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What is a Bar Pilot?

Pilots can be transported to ships by a tugboat, which may also help the larger vessel move through challenging waters, or by way of a pilot cutter.
Bar pilots may be hired to guide ships through the shoals outside the Golden Gate Bridge in San Francisco.
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  • Written By: Mary McMahon
  • Edited By: Bronwyn Harris
  • Last Modified Date: 20 March 2014
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A bar pilot or maritime pilot is a professional who helps to guide ships through navigationally challenging waters. While he or she is on board, he or she provides advice to the captain; this advice is based on knowledge of local waters, weather conditions, and the abilities of the captain's boat. Typically, the captain retains legal control and responsibility of the ship, although a bar pilot can be held accountable for egregious navigational errors which result in substantial damages.

There are several different kinds of maritime pilot. A bar pilot is experienced at navigating ships over shoals and sandbars, which are often found near major harbors. A bay pilot can handle navigation in a bay or inlet, while a river pilot navigates ships along rivers. In some cases, a maritime pilot may be qualified to work in two or even all three of these areas; in San Francisco, California, for example, bar pilots can guide ships past the shoals outside the Golden Gate Bridge, through the Bay and into the ports of Oakland and San Francisco, and up the Sacramento River.

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Most regions require ships to take on a pilot when they enter or exit a port or harbor or when they are navigating congested or dangerous waterways. The use of a pilot helps to reduce the risk of collisions with other vessels, and it ensures that ships pass through regional waters safely. Pilots are also able to control ship traffic, acting like air traffic controllers to prioritize and route big ships which are difficult to maneuver.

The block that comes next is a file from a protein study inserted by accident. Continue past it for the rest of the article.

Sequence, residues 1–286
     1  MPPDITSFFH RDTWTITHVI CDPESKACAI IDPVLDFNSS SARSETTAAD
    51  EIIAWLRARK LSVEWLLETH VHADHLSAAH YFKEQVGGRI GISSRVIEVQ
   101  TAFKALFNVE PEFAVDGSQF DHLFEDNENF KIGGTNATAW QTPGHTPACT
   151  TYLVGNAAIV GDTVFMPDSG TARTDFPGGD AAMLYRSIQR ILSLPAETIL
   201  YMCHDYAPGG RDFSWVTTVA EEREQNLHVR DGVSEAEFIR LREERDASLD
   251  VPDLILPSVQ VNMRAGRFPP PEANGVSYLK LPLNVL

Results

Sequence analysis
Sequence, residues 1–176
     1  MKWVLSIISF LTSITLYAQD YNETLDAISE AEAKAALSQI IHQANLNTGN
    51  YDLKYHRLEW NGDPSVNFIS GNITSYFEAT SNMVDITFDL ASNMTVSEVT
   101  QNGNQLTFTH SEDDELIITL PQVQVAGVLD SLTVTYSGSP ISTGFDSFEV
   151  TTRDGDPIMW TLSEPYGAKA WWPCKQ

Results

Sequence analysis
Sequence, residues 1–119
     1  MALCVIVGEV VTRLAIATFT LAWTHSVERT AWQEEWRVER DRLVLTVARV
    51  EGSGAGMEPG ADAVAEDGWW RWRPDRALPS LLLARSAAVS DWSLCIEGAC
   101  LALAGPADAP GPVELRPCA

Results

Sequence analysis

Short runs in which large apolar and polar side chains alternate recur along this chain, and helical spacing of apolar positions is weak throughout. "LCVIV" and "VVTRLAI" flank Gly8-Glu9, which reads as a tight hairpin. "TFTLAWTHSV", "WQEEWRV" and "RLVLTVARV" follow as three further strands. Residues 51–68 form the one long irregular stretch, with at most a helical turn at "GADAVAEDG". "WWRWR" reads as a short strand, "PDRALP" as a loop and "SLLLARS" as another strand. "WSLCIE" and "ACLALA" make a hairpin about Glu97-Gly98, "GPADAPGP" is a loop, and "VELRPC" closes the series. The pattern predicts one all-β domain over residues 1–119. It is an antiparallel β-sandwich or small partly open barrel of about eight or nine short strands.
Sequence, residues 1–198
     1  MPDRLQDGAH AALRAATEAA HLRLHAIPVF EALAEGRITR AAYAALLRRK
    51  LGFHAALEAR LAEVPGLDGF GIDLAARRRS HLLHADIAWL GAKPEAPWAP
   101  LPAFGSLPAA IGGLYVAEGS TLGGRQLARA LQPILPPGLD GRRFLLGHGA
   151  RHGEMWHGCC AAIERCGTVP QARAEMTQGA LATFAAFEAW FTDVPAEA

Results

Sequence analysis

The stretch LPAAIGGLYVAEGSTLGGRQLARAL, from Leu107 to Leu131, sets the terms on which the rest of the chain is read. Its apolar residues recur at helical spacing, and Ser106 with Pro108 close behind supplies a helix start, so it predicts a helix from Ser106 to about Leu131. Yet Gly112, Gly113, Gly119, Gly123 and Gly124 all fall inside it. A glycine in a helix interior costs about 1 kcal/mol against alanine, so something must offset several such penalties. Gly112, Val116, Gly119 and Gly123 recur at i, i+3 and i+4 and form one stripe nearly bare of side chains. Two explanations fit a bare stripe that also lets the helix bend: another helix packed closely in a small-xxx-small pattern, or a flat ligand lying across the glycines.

In order to become a bar pilot, someone must have extensive qualifications. In addition to being very knowledgeable about the area in which he or she wishes to work, a bar pilot must also know a great deal about handling ships, especially big cruise ships and tankers. Typically, he or she must apply for a license to ensure that he or she is qualified to practice. Once qualified as a ship pilot, someone works with a regional pilot association to make sure that pilots are constantly available to those who need them.

In regions which are too small to have an official bar pilot, a local Coast Guard station may help visiting mariners, and regional captains who are familiar with the waters may help out as well. Even with a pilot on board, accidents can still happen; typically, these accidents are investigated to see if something can be done to prevent similar accidents in the future.

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Discuss this Article

kylee07drg
Post 4

My father is a member of the Columbia River Bar Pilots. He helps crews cross the Columbia River Bar, one of the world's most dangerous navigated areas. The amount of flowing water and the impact of it with storms of the North Pacific make for some challenging conditions at sea. People brave this area to gain access to multiple inland ports.

He told me that the Oregon Board of Maritime Pilots controls the pilotage rates that the Columbia River Bar Pilots charge. Legally, no one can receive or demand more or less money for piloting in the area the board regulates.

cloudel
Post 3

@Oceana - My brother is a bar pilot at San Francisco Bay, and he makes around $400,000 a year. However, he does have to buy his own health insurance, and due to the danger of his job, it costs about $22,000 a year.

I have heard of bar pilots in other areas making about $200,000, so it all depends on the area in which you work. Probably the more ships that go through a region, the higher the pay.

My brother is paid with pilotage fees that shippers have to fork over as part of their port costs. He is not paid with taxpayer money or by the state.

Oceana
Post 2

I think a career as a bar pilot would be exciting. I love being out on the water, and the rush of striving to avoid danger would make for a highly interesting workday.

Does anyone know how much bar pilots make or who pays their salaries? I just wonder if they are paid by individual captains or by the state.

Perdido
Post 1

My uncle is a bar pilot who helps navigate ships entering the Mississippi River mouth. The area is dangerous and full of traffic.

He has also worked at sea, but he says that his services are greatly needed at the river, because just one single accident could back up traffic and delay the workings of this multibillion-dollar industry.

He has spent most of his career learning and working on a certain portion of the river. His knowledge is in high demand for ships coming to the Mississippi River from all parts of the world.

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